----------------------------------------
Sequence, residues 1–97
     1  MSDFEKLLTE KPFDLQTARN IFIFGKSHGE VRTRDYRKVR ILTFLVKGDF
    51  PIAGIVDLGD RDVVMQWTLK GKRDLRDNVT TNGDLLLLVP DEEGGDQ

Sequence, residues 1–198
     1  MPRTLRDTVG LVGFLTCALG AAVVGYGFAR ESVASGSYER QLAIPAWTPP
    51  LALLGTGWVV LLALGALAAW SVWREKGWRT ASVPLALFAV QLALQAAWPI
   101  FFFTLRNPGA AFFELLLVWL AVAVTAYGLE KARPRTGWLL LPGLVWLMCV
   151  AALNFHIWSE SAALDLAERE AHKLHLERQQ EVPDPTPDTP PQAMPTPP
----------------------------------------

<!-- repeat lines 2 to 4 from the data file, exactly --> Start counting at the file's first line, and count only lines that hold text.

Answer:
     1  MSDFEKLLTE KPFDLQTARN IFIFGKSHGE VRTRDYRKVR ILTFLVKGDF
    51  PIAGIVDLGD RDVVMQWTLK GKRDLRDNVT TNGDLLLLVP DEEGGDQ

Sequence, residues 1–198